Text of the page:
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1. Silk

2. Fix it

3. Huddled in the corner


The kid was three or four, I suppose, with blond hair and those big eyes that are supposed to melt even the toughest heart. He—at least I assumed it was a he—just stood there in front of a card table by the preschool window. Ten minutes earlier the table had held a large, flat cardboard box, and the box had held about a million tiny little silkworms and a good handful of fresh mulberry leaves.

I knew this because I’d been somehow talked into stripping the succulent, first-of-spring leaves from the tree in my front yard. That handful of leaves had cost me half an hour of my precious time and a couple of square inches of my precious skin. Now the leaves, already chewed down to nubs, were scattered on the floor and silkworms were skittering in all directions.

“Damn!” I said, and earned myself a nasty stare from the kids’ teacher. She started toward me with all the finesse of a Peterbilt truck and I wished I’d kept my mouth shut.

“Mr. Pelargonia, we don’t use that word in our classroom.” I nodded and tried to escape her evil eye.

“I’m sorry, Miss…Um…,” I whispered. “Shall I apologize to the kids…um…children?”

She snapped her head back and looked down her nose at me. I didn’t think people really did that, but she certainly did.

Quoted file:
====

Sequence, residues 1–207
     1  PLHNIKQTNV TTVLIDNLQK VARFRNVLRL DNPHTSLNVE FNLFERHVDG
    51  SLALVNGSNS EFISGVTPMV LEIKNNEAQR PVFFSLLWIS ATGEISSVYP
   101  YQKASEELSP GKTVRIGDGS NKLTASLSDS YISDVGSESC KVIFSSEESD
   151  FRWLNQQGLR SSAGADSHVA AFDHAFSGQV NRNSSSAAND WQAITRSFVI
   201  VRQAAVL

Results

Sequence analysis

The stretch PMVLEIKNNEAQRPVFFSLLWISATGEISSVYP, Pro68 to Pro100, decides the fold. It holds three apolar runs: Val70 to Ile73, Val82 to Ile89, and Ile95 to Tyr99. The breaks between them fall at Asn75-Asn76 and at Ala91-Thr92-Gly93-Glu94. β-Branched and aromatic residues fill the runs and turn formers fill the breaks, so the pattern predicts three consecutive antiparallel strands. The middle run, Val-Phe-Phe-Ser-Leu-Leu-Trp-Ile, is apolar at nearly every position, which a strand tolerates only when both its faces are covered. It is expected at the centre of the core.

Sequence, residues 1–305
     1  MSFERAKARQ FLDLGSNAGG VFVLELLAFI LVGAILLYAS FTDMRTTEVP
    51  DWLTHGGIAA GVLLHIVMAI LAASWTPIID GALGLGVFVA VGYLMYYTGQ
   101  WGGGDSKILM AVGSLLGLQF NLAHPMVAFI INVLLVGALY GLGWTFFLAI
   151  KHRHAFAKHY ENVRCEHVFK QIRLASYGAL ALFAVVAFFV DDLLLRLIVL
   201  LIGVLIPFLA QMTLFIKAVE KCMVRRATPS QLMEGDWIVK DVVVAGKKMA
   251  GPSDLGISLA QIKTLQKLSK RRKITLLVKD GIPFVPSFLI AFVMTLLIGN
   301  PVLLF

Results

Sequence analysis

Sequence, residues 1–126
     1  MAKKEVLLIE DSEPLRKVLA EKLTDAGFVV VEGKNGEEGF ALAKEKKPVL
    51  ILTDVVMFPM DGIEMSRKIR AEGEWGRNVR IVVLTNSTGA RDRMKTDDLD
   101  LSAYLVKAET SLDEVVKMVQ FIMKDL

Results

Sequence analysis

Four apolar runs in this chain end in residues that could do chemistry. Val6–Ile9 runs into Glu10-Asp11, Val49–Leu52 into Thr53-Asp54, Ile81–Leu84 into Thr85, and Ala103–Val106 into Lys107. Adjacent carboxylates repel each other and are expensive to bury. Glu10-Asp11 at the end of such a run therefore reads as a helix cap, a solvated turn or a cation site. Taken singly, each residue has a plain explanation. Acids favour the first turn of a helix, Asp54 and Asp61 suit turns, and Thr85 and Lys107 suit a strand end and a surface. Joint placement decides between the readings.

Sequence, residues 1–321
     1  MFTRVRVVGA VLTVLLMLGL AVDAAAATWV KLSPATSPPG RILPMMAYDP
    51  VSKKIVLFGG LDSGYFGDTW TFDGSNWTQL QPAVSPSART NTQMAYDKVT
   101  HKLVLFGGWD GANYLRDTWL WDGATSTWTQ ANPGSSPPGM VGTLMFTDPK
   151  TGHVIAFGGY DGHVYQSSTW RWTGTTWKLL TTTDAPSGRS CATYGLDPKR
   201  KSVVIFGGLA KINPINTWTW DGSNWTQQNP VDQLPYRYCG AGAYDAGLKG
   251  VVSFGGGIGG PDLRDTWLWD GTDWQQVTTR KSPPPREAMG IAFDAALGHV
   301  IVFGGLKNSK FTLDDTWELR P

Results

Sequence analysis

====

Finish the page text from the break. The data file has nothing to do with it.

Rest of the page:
“Don’t be ridiculous. You’d just make matters worse.”

She suddenly seemed to notice the clean, empty surface of the small table beside me.

“What,” she muttered, “have you done with our silkworms?” The voice was cold, but I had a feeling a fairly warm temper was just waiting to erupt.

“Me! I didn’t do anything!” I protested. “It was this kid in the green shirt.” I looked around for the offender and spotted him huddled in the corner with a small book and a large pillow.

That kid in the green shirt,” I said, pointing in that direction.

“Just Fix It,” the teacher hissed at me, and strode toward the kid.

Fix it, indeed! I shouldn’t have been here at all. If it hadn’t been for the fact that my yard held a big old mulberry tree I’d never have set foot in this place. But it seems that the specks that emerge from silkworm eggs every year about this time won’t eat anything else but the tasty leaves of arborus mulberrius, or whatever the hell it is. The two neighbors who’d come to convince me of my civic duty in this regard had, with a complete lack of conscience, brought their kids along.

“The children wait all year for the eggs to hatch, so they’ll grow up into moths and spin cocoons. If there are no leaves, nothing happens,” the mother pleaded.

Two blond heads, four big eyes. How could I have said no?